- The Artist’s Way: A Spiritual Path to Higher Creativity, by Julia Cameron
I confess: I am still working my way through this one. I’ve been working through it over the last year. The book is part workbook and jam-packed with excellent, convicting questions that provoke your memory and challenge presuppositions you may not have known you had about yourself and your ability to produce creative value. Cameron approaches the subject of creativity from a place of faith, but is not so specific in her theological claims that it would throw off more sensitive readers. The idea is that we are created creative, and our Creator wants to work with us in creating new things, as well as work through the fears, memories, and misconceptions that inhibit us from reaching our creative potential. Personally, the book has provided me with revolutionary healing; I had no idea how inhibited I was by negative feedback I’ve received over the years. The book helped me face these memories, name them, and move on. I’m so grateful.
- Culture Making: Recovering our Creative Calling, by Andy Crouch
I don’t even know where to begin with my admiration for this book.
Culture, according to Crouch, is what we make of the world. This means that when we are handed eggs, our inherent creativity compels us to make omelettes, and therein change and enhance the value of the egg. God created us in His creative image so that we could add value to this world, value that will last throughout eternity. This truth ennobles the work we do because it means that our efforts are not in vain. It also means that we should be especially mindful of our posture toward the culture being made around us. Crouch advocates that instead of limiting ourselves to critiquing culture, copying culture, or mindlessly consuming culture, we need to be cultivating culture, meaning we champion the good culture that exists and develop new ideas for improving our culture moving forward. This book, in short, provides a rich context for why we do creative work and how to do it well.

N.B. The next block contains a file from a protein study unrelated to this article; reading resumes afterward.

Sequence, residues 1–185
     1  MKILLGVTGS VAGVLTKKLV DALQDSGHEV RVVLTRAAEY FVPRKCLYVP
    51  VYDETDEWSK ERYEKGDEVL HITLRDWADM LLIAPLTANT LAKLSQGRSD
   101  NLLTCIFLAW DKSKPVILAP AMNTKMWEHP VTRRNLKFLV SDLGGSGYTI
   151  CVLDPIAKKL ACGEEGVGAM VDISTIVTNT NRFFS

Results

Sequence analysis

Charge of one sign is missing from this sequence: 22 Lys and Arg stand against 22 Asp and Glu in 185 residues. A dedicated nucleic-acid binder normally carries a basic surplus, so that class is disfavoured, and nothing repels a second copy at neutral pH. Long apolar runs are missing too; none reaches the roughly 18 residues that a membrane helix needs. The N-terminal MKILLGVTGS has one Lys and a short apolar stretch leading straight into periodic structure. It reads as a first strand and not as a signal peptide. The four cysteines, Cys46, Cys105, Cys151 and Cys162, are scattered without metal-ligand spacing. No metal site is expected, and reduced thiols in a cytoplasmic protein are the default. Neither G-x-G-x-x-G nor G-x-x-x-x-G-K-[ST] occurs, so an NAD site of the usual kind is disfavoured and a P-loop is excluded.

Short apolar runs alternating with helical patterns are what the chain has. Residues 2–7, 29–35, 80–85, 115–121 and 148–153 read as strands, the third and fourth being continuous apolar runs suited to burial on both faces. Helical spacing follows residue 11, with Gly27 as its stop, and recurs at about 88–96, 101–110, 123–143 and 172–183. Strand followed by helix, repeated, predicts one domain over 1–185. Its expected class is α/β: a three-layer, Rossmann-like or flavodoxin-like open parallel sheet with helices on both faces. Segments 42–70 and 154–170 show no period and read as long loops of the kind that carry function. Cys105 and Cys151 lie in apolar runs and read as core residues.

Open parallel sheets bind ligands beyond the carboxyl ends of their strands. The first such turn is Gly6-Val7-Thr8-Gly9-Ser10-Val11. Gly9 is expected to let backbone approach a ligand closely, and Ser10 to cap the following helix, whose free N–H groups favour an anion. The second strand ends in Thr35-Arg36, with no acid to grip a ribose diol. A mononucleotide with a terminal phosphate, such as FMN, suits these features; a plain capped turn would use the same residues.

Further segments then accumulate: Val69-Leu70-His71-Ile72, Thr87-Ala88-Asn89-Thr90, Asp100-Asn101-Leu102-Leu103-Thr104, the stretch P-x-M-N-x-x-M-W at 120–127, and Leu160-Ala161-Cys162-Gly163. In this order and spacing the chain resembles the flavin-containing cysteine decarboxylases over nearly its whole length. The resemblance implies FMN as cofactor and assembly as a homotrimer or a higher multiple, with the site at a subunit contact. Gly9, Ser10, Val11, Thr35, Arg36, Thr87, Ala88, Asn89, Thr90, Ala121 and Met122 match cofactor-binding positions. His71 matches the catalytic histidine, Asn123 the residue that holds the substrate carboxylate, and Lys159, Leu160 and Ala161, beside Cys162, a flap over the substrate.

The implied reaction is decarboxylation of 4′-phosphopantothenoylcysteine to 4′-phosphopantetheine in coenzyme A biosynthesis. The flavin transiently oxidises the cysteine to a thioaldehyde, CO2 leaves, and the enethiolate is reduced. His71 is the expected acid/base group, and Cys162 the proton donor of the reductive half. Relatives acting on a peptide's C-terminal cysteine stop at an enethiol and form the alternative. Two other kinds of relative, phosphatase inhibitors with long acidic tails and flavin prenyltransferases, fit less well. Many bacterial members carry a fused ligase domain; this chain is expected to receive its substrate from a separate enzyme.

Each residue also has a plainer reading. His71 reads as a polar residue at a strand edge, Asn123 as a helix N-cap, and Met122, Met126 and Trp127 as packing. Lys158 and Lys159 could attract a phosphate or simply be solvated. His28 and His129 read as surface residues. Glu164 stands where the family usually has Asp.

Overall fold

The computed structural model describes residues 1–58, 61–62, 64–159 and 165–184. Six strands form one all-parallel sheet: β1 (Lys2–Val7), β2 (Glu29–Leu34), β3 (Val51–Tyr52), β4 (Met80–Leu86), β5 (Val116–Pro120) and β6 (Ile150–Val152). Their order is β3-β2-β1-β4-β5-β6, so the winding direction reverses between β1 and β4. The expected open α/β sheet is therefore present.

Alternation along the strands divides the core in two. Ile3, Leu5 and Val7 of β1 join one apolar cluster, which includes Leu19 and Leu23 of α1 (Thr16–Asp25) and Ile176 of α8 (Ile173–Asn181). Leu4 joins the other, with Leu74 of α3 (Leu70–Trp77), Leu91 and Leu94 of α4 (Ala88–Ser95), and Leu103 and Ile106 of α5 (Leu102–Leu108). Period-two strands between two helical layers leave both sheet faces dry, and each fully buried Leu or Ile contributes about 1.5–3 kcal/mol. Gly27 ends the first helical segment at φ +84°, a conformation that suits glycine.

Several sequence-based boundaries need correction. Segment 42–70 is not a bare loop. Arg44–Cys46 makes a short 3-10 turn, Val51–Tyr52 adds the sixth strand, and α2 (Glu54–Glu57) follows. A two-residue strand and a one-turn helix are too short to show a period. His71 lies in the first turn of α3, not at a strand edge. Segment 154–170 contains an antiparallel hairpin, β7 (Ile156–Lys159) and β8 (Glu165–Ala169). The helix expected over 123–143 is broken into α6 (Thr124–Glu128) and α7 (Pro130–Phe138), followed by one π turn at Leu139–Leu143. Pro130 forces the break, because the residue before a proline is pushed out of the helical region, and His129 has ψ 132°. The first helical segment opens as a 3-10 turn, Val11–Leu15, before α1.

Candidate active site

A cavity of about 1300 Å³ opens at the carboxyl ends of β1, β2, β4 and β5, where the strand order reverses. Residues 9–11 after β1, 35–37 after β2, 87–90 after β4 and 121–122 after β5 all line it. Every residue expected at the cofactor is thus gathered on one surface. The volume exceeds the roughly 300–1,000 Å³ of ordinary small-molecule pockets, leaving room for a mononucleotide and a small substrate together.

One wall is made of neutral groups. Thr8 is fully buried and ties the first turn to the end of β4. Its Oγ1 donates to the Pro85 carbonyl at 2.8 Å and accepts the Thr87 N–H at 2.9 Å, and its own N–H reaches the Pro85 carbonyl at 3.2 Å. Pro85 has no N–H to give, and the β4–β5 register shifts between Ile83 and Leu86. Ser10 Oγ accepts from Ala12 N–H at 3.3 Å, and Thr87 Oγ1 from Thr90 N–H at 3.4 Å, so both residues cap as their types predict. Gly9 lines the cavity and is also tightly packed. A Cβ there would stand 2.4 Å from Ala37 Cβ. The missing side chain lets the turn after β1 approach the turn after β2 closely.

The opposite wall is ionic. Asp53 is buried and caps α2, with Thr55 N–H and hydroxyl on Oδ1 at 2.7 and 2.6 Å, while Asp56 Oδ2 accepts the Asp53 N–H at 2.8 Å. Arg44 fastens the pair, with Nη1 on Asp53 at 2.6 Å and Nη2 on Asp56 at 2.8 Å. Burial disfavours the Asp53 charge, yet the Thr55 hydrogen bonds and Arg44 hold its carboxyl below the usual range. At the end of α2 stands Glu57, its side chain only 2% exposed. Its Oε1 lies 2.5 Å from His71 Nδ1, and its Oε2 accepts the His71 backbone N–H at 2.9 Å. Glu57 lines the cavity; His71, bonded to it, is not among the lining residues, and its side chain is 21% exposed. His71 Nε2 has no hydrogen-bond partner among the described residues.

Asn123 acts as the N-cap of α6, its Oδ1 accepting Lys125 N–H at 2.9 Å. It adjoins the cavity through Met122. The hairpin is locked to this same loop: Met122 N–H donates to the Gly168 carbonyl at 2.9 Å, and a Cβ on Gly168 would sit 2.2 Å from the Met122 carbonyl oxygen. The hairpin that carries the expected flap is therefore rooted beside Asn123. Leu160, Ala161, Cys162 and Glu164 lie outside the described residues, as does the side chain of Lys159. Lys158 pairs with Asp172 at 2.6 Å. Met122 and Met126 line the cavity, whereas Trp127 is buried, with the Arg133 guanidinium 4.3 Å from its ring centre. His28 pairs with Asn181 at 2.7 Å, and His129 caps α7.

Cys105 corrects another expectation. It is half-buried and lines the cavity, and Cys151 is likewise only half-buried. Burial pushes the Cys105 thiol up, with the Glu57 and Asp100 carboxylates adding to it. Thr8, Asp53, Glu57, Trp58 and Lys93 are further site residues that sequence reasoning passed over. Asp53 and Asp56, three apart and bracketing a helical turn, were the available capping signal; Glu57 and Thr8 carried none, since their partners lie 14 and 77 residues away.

- Change by Design: How Design Thinking Transforms Organizations and Inspires Innovation, by Tim Brown
Ever been to a “brainstorming session” with coworkers and felt like it was a complete waste of time? We’ve all been there. Whether it is a micromanaging boss who needs to control the conversation or a Negative Nancy bashing every idea, innovation is not easily realized in groups. Design Thinking provides a practical and reproducible methodology that makes for effective group brainstorming. This book is full of amazing case studies showing how different the results are when Design Thinking is applied. It presents a compelling case for why designers should be empathetic or “human-centered” and why prototyping sooner than later in the process can be the most efficient way to test new ideas.
- The Harry Potter Series, by J.K. Rowling
Bet you weren’t expecting this one. Bear with me as I explain how this book can teach us about creativity. I believe that effective communication is one of the most critical skills we can attain, and storytelling is one of the best communication tools. Good communication and storytelling require prodigious creative effort to transfer complex concepts through simple means to an intended audience. If you’ve ever struggled to get someone to understand one of your ideas, you know success often depends on a miracle. The Harry Potter books tackle universal themes of joy, pain, friendship, sacrifice, and fear, and do so with nuance, subtlety, and emotion. I regularly urge Potter skeptics to give the books a chance; the creative treatment of its themes, its characters, and narrative are not only immensely entertaining but worth considerable study. I have lost count of the number of times I’ve read Harry. What I know is that I learn new things every time through, and I still have a lot to learn. How is it that I feel like her characters are real people? How does she pace her books so well? Where does she get her plot devices, like the Mirror of Erised or portkeys or horcruxes? Creative Genius. Genius.